Don’t Accidentally Commit Auto Insurance Fraud

While there are definitely people out there willing to commit auto insurance fraud at the drop of a hat, most law-abiding citizens have no intention of doing so. Of course, this doesn’t mean that taking part in fraud couldn’t happen since some people do it accidentally.

If you want to avoid this act and the repercussions that come with it, take time to look at how people accidentally commit auto insurance fraud.

What is Auto Insurance Fraud?

Auto insurance fraud takes place when a person provides false information to an insurance company while signing up for a policy or when filing an auto insurance claim. It also occurs when policyholders create false scenarios in order to make a false claim.

This type of fraud is broken into two categories:

  • Hard fraud: Hard fraud occurs when someone intentionally plans a scenario like a collision, theft or fire to create damage or even fake injuries. Fraudulent acts like the one attempted by the Chen siblings who were caught on YouTube or these auto insurance fails fall into this category. Other auto insurance fraud cases could include a massive insurance ring run by multiple people and resulting in hundreds of thousands in losses.
  • Soft fraud: Soft fraud (also known as opportunity fraud) occurs when a person exaggerates information while signing up for an insurance policy or exaggerates/fails to provide correct information when filing a claim.

Soft fraud is much more common and sometimes even occurs accidentally. Of course, if you can help it, you don’t want to commit soft fraud either, which is why it’s good to take the right steps to avoid doing so at all costs.

Ways to Accidentally Commit Fraud

Unfortunately, it is very easy to accidentally commit car insurance fraud. Here are some scenarios that could occur:

  • Giving the wrong information when signing up: When signing up for a policy, it’s important to provide very accurate information to avoid committing fraud. For instance, if you can’t remember whether you’ve had an accident or ticket in the past five years, instead of guessing, look through your records and find out for sure. Also, really try to correctly estimate the miles you drive to work. These issues may not seem like a big deal, but they are to the company since these factors are used to estimate your auto insurance quote.
  • Forgetting info after an accident: After an auto accident, if you are coherent and capable, it’s good to take notes while on the scene. Also take pictures of the accident for your own records. You want to recollect as much as possible as accurately as possible so that inconsistent facts can’t come back to bite you later in what becomes a denied claim or accusation of fraud.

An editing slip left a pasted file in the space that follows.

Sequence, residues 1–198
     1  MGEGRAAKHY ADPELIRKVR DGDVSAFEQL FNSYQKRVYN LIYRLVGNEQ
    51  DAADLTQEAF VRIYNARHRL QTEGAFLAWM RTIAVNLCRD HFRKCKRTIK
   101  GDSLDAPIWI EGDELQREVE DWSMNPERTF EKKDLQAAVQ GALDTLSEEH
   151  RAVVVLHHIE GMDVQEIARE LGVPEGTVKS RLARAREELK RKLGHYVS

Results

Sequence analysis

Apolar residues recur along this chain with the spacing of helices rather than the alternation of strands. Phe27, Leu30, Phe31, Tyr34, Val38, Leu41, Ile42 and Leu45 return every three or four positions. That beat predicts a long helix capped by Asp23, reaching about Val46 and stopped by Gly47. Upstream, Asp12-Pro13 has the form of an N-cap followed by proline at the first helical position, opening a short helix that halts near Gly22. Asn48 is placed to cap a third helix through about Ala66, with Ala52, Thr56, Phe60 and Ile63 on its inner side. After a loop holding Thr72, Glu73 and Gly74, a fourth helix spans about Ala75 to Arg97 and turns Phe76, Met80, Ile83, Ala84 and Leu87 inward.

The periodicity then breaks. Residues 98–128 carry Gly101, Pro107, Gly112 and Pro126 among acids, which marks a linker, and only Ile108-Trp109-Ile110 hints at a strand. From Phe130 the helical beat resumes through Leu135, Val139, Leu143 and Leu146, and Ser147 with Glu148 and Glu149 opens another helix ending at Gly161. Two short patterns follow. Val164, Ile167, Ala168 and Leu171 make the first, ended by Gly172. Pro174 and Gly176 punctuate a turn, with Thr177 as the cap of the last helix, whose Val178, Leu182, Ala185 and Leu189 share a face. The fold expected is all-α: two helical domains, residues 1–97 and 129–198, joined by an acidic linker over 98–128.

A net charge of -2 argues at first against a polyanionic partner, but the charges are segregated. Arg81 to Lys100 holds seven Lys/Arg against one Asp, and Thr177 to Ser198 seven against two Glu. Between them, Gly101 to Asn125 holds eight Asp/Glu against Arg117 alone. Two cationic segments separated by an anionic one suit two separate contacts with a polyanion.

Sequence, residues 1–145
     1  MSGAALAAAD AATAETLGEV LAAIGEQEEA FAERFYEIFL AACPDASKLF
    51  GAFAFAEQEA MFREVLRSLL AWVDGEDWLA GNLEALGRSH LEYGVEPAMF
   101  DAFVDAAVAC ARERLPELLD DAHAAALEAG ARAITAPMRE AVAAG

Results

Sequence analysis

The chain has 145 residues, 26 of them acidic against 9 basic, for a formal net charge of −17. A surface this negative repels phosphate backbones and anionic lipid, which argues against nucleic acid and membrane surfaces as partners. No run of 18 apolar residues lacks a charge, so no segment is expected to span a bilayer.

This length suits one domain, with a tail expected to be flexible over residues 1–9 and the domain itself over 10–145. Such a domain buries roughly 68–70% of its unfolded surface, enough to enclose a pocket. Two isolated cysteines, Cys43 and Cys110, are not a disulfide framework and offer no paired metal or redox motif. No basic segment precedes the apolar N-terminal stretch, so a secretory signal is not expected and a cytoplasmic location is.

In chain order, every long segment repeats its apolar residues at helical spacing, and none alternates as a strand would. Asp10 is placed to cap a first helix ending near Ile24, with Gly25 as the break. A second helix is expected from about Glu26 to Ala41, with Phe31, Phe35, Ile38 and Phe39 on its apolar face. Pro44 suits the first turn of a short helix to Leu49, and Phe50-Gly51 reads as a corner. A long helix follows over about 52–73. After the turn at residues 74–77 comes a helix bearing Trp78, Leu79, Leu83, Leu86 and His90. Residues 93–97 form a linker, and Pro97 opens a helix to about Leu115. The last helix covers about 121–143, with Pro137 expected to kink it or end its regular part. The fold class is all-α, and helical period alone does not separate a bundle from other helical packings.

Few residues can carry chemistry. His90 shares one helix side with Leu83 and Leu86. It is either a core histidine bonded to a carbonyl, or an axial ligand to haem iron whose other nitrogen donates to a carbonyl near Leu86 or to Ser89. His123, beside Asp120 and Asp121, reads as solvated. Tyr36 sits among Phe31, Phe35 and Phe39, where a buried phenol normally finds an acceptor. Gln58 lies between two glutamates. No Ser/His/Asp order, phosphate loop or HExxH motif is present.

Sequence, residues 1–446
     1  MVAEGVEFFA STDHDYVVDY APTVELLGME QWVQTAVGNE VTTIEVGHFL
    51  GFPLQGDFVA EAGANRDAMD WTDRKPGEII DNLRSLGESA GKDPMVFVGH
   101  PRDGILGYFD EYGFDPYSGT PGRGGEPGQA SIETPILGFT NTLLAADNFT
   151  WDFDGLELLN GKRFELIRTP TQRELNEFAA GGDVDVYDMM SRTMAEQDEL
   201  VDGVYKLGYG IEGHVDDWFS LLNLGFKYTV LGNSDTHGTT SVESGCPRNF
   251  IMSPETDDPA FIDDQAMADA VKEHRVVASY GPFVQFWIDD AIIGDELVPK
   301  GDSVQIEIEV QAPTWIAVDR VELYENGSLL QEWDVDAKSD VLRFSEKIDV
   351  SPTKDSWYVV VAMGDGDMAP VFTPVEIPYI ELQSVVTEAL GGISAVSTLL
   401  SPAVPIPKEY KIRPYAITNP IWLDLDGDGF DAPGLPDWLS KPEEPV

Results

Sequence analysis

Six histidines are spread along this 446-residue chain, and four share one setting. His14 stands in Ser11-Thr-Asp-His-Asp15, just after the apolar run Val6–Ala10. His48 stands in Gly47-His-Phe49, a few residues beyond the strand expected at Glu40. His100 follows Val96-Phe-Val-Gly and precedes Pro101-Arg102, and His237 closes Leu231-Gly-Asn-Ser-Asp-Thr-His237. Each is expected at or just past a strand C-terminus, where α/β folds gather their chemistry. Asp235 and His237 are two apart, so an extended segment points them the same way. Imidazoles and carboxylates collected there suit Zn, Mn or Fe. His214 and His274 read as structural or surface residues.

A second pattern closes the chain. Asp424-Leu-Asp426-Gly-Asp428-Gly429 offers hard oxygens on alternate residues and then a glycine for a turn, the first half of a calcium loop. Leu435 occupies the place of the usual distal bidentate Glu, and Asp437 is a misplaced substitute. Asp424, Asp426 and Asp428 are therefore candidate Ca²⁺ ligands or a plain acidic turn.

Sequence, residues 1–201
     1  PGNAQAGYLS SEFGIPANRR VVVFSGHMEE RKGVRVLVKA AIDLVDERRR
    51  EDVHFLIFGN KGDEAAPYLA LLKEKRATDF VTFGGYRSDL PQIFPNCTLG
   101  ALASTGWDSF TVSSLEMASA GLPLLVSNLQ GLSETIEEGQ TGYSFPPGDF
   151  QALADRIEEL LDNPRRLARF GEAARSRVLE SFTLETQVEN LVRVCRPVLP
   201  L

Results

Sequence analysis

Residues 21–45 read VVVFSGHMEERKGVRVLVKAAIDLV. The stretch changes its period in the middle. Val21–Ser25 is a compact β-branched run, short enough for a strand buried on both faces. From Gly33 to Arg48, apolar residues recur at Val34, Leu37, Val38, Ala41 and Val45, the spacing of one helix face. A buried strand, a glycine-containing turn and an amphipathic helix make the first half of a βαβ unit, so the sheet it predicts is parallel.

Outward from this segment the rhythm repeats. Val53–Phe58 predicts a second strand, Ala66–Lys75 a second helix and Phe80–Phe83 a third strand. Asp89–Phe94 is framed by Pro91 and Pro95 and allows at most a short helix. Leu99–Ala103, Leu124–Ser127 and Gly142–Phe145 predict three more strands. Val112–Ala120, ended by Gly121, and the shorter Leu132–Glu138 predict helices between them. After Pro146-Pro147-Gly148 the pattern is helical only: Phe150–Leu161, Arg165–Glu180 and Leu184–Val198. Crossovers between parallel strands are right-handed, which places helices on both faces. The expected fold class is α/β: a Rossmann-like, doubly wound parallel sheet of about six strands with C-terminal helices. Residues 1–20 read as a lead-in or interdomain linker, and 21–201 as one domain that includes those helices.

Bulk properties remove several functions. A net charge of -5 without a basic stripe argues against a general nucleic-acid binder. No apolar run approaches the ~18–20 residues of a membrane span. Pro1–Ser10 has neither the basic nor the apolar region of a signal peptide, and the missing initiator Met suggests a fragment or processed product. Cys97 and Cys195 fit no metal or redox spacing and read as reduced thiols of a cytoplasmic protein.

• Getting the wrong advice: Sometimes people get caught up in auto insurance fraud by taking the wrong advice. This is especially true for someone signing up for their first policy or getting into their first accident. A friend who is used to “bucking” the system may tell you that you can skip details to lower your auto insurance rates or increase your claim amount. Listening to the wrong advice could get you in trouble.

It’s true that most people fall into the above categories if they commit fraud at all. Unfortunately, there could be repercussions for the act.

Repercussions of Accidental Fraud

Since, in most cases, accidental fraud will fall into the soft fraud category, the penalty usually is pretty light. Here are common auto insurance fraud penalties:

  • Denied claim: If an insurance company finds that you’ve provided false information when filing a claim, usually the most serious penalty is having the claim denied. Of course, this could cost you thousands of dollars if you’re left with the responsibility for paying for the damage to your car out of your own pocket.
  • Cancelled coverage: When it comes to providing false information when signing up for a policy, an auto insurance company is likely to cancel your coverage altogether. This puts you in the position of having to quickly shop for auto insurance before driving again; something most don’t want to do.
  • Misdemeanor conviction: The worst-case scenario for soft fraud is picking up a misdemeanor conviction. Unfortunately, it could happen depending on the state you live in and the type of insurance fraud you’re convicted of. The penalty could be jail of up to five years or a fine of up to $15,000. While this repercussion rarely occurs when the fraud was an accident, it’s something you should consider as you manage your policy.

If you want to avoid becoming entangled in the accidental auto insurance fraud web, it’s important to be as accurate as possible when applying for coverage and making insurance claims. The more seriously you take your insurance policy, the less likely you will be to find you’ve committed an accidental fraudulent act.

Stacey Bumpus started writing as a youngster, creating little fun newsletters to distribute to her elementary school friends. But it wasn’t until she completed her bachelors and masters degrees in communication that she realized her fun pastime could become a career.

After spending years in corporate communications, she discovered that freelancing was her cup of tea and fell in love with finding the latest financial news. Now, providing news and tips about taxes, mortgages, banking and even logging her efforts to save toward retirement, she’s not only fulfilling her childhood passion, but also helping others manage their finances responsibly.